Winston has a gunslinger mentality, which helped him exceed 4,000 yards passing in three of his first five years in the league. The only problem? He tossed 88 interceptions in those first five years as well. This cost him his starting job in Tampa Bay. As a backup quarterback, he’s proven to be capable, evidenced by his 2021 season in which he tossed 14 touchdowns against just five picks. But no one has taken the plunge to sign him as a full-time starter, leaving him to hold a clipboard in New Orleans.
Jared Goff, Los Angeles Rams (2016)
Career Highlights: 3x Pro Bowls, Most completions in a regular season game (45)
Record As A Starter: 54-45-1 Regular Season, 2-3 Playoffs
Goff is an interesting case. On one hand, he’s amassed a ton of yardage (25,854) and won more than he’s lost as a starter. He also led the Rams to the Super Bowl in 2018. But that wasn’t enough to stop the Rams from looking for an upgrade (Stafford) and he was banished to the NFL’s version of Siberia (Detroit). But even in Detroit, he’s played really well (48-15 TD-INT ratio). If he were to lead the Lions to a playoff victory, that could tip the scales in his favor in the debate over his legacy in the NFL.
Baker Mayfield, Cleveland Browns (2018)
Career Highlights: All-Rookie Team (2018). Most passing touchdowns in a single game for the Browns (5)
Record As A Starter: 31-38 Regular Season, 1-1 Playoffs
It seemed like Mayfield was on the cusp of breaking through in the NFL when he led the Browns to their first postseason victory since 1994. But he followed up that an up-and-down 2021, due in large part to a partially torn labrum. The Browns didn’t waste any time once Mayfield’s play slipped and traded him to Carolina in the offseason. Since then Mayfield has bounced between the Panthers, Rams and Buccaneers. He may be destined for a backup role for the remainder of his career.
Kyler Murray, Arizona Cardinals (2019)
Career Highlights: 2x Pro Bowls, NFL Offensive Rookie of the Year (2019)
Record As A Starter: 25-31-1 Regular Season, 0-1 Playoffs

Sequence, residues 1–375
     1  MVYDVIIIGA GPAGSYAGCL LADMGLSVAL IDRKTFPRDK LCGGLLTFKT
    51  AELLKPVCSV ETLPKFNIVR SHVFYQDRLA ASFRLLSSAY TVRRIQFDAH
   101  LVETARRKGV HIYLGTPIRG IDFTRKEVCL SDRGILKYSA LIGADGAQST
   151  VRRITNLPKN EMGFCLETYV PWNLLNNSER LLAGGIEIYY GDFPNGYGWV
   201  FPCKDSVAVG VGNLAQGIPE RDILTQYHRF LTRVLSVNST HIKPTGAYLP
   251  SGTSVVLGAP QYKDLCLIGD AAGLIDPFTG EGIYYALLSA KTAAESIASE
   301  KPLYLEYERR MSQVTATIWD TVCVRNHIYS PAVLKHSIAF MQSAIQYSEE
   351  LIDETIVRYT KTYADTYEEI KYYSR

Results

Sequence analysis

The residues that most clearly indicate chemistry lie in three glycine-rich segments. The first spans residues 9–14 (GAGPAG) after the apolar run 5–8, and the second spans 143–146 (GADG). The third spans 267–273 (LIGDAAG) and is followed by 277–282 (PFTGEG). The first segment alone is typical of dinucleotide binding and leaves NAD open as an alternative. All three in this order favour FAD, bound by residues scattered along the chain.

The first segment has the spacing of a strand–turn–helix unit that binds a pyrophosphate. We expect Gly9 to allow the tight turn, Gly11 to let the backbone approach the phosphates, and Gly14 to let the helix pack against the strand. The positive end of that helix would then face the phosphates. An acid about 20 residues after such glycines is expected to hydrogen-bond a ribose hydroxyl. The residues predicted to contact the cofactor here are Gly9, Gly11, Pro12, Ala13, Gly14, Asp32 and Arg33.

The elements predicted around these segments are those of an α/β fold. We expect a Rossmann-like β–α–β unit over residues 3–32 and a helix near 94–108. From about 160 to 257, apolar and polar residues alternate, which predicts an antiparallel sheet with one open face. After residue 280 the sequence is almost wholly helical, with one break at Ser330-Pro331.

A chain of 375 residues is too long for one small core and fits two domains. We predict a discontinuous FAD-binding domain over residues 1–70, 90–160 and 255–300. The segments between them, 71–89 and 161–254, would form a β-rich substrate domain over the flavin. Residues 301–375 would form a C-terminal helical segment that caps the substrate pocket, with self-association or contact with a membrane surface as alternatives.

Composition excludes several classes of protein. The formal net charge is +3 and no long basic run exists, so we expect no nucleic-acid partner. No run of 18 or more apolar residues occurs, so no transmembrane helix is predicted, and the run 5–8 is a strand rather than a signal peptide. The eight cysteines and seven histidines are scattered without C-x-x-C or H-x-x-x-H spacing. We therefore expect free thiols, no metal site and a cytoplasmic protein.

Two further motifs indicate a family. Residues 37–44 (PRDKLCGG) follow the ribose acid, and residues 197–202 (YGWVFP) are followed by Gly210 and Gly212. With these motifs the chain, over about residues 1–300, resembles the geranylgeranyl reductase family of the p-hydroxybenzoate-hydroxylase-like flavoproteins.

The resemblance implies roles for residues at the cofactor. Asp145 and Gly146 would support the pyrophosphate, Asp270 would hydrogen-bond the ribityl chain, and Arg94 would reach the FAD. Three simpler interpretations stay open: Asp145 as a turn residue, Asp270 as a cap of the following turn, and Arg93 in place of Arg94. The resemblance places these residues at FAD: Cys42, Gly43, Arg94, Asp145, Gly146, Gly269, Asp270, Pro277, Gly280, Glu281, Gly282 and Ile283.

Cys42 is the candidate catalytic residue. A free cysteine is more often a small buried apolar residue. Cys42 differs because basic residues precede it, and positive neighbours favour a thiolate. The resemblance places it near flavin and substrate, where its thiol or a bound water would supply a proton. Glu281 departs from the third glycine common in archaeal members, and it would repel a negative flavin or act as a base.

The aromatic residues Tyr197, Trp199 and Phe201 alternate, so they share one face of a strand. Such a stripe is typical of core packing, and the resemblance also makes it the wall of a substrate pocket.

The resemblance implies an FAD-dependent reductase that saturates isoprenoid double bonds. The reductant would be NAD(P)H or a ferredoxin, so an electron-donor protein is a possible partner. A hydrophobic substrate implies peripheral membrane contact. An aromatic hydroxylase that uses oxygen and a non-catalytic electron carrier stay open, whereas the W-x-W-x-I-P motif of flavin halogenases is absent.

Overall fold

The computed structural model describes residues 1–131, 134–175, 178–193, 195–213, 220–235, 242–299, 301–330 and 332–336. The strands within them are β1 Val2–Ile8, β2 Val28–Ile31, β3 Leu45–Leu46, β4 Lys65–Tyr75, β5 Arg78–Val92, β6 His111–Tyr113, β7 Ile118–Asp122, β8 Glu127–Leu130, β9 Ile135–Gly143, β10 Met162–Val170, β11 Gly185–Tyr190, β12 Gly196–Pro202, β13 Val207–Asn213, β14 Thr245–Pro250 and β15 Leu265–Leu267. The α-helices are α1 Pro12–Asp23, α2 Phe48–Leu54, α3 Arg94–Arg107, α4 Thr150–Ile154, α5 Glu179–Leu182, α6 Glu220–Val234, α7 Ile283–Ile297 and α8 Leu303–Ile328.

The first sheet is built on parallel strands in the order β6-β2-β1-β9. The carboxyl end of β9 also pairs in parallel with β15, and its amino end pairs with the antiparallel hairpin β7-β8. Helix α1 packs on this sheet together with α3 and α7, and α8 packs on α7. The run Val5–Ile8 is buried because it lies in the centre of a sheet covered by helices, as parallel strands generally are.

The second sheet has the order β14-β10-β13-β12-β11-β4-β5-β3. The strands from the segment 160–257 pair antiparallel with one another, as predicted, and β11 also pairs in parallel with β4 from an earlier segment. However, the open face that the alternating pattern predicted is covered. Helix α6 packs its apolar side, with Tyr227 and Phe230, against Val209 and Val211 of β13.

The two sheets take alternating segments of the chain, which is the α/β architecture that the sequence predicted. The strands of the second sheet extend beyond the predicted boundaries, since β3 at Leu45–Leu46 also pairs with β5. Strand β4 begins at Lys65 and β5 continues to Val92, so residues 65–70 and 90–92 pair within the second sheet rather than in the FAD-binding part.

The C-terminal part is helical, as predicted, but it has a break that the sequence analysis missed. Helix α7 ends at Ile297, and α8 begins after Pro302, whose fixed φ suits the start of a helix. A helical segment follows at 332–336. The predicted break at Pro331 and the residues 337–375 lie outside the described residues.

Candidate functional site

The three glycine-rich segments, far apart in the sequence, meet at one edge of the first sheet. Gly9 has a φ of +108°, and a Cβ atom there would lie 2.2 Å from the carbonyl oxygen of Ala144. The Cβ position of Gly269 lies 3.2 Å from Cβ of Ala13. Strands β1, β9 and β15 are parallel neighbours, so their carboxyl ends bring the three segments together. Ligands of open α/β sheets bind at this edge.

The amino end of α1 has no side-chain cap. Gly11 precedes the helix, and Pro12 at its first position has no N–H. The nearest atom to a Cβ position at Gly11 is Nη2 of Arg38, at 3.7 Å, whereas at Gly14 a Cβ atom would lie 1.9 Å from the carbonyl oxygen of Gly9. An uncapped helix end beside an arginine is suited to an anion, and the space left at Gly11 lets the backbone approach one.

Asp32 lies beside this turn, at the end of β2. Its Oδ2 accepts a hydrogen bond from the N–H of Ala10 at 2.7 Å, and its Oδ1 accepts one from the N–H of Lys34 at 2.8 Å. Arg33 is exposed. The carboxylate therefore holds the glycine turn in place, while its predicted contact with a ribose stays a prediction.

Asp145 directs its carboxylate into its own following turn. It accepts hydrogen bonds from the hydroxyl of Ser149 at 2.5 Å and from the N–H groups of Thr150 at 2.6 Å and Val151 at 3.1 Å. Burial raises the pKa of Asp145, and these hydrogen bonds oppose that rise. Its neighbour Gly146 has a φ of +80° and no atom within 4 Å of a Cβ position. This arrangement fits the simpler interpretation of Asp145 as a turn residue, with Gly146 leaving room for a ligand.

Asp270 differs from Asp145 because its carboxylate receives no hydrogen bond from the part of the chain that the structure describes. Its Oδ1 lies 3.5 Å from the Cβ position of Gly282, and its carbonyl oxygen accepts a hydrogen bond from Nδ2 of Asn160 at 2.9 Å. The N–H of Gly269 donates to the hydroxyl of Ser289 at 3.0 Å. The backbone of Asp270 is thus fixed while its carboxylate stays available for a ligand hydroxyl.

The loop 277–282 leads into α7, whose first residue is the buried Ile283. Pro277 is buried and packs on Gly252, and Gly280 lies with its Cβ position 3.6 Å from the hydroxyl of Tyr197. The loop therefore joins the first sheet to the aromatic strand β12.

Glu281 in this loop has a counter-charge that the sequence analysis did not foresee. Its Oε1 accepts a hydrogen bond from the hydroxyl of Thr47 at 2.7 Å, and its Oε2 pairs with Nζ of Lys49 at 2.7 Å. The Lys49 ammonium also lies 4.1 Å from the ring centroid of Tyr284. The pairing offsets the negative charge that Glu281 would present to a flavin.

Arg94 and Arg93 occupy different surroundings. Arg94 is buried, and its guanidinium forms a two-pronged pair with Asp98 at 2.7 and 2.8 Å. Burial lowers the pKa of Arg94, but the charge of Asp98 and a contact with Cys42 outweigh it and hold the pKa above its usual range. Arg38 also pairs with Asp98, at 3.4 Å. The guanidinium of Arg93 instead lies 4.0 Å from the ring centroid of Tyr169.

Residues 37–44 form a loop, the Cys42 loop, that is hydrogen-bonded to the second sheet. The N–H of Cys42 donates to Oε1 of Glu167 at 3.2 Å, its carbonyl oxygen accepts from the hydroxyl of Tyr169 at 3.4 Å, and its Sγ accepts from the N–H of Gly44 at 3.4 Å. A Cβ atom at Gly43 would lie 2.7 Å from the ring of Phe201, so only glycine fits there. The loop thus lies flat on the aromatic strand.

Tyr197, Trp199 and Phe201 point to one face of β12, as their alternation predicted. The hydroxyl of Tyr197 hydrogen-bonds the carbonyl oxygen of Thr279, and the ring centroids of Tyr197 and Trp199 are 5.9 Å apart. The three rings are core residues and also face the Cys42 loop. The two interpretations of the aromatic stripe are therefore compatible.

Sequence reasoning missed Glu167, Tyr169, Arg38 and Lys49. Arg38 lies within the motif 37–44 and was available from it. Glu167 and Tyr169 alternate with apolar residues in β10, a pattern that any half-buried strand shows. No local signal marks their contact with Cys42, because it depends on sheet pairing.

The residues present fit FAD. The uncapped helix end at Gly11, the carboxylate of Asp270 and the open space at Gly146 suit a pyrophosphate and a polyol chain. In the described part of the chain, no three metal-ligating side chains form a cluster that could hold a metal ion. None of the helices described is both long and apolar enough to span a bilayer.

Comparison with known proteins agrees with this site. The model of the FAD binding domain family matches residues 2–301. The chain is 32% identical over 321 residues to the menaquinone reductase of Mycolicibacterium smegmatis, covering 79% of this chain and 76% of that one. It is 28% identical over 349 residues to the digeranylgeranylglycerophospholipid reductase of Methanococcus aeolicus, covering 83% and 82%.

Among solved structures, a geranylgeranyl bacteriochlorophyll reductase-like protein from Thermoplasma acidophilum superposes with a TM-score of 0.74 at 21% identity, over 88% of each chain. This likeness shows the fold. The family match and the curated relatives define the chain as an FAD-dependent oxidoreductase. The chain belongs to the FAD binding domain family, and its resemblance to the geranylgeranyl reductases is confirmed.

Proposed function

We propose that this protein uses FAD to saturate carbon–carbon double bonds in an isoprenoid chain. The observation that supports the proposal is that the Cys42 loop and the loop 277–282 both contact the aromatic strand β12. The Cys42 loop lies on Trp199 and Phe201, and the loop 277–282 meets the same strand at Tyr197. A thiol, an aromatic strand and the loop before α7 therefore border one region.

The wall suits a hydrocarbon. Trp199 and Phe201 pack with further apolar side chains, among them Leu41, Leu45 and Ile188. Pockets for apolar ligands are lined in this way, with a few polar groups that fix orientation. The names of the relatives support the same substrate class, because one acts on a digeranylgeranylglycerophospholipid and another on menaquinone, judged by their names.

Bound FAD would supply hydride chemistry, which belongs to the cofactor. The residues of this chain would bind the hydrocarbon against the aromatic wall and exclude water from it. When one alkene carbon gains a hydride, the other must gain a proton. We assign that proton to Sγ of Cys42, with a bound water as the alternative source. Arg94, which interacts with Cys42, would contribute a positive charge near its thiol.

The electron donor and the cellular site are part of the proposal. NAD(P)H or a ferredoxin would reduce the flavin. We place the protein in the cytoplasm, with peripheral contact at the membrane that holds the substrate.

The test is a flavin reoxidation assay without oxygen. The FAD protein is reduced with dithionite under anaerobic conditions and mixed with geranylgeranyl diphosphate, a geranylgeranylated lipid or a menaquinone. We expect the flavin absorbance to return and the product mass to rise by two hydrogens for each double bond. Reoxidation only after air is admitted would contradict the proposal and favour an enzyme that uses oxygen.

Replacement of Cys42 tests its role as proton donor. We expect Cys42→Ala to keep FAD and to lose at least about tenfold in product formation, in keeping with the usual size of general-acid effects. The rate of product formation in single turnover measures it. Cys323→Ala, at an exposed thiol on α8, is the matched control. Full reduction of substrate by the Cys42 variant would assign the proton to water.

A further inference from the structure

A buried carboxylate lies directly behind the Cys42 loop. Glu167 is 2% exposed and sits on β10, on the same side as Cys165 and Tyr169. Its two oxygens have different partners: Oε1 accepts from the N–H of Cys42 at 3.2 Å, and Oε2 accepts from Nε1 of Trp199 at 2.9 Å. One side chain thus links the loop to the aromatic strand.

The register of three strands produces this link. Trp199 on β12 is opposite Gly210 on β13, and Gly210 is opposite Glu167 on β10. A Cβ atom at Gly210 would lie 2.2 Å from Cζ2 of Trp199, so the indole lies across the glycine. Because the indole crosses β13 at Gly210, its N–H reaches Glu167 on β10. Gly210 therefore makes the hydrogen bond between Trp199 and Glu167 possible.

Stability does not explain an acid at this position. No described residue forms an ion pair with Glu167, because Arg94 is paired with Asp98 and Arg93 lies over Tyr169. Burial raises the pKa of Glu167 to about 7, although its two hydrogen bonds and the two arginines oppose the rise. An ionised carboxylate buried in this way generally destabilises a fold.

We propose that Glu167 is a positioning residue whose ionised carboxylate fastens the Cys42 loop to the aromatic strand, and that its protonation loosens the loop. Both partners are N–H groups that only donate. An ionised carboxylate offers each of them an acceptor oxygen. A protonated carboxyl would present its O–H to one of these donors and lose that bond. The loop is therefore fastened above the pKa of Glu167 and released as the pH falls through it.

In five NFL seasons, Murray has made two Pro Bowls and led the Arizona Cardinals to the playoffs once. That was enough to get Murray a monster five-year, $230.5 million contract. One person who didn’t get an extension was Murray’s coach, Kliff Kingsbury. His former head coach was fired after a 28-37-1 record over his four years in the desert. New head coach Jonathan Gannon will try to coax better play out of Murray in his first year. One element Gannon will work on with Murray will be the mental component which hasn’t been a strength early in his career.
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Joe Burrow #9 of the Cincinnati Bengals scrambles with the ball during an NFL game against the Cleveland Browns.
Joe Burrow, Cincinnati Bengals (2020)
Career Highlights: 2022 Pro Bowl, NFL Comeback Player of the Year (2021), NFL completion percentage leader (2021)
Record As A Starter: 24-17-1 Regular Season, 5-2 Playoffs
Burrow is the modern dream for an NFL GM. The Bengals needed to hit paydirt with a QB at the top of the draft and they got that and more with Burrow. He has instantly elevated the Bengals into an offensive juggernaut and has proven to be a killer in the playoffs. His 5-2 record in the postseason has led to comparisons between Burrow and NFL Hall of Famer Joe Montana. The Bengals would be wise to invest more in their offensive line if they hope to keep Burrow healthy in the years to come. He has been sacked 92 times in the past two years, the most in the NFL.
Trevor Lawrence, Jacksonville Jaguars (2021)
Career Highlights: 2022 Pro Bowl, Orchestrated the third-largest comeback in NFL Playoff History (27 points)
Record As A Starter: 12-22 Regular Season, 1-1 Playoffs
It’s still early, but Lawrence has shown signs that he’s turned the corner after a rocky rookie season. Lawrence went 37-0 in high school, 34-2 in college, and then started his NFL career 3-15 in his first 18 games. Since then, he’s 10-8 with a playoff victory under his belt. He finished his 2022 campaign tenth in the NFL in QB Rating and is suddenly brimming with confidence. The Jaguars are favored to win the AFC South next season, due in large part to Lawrence’s maturation.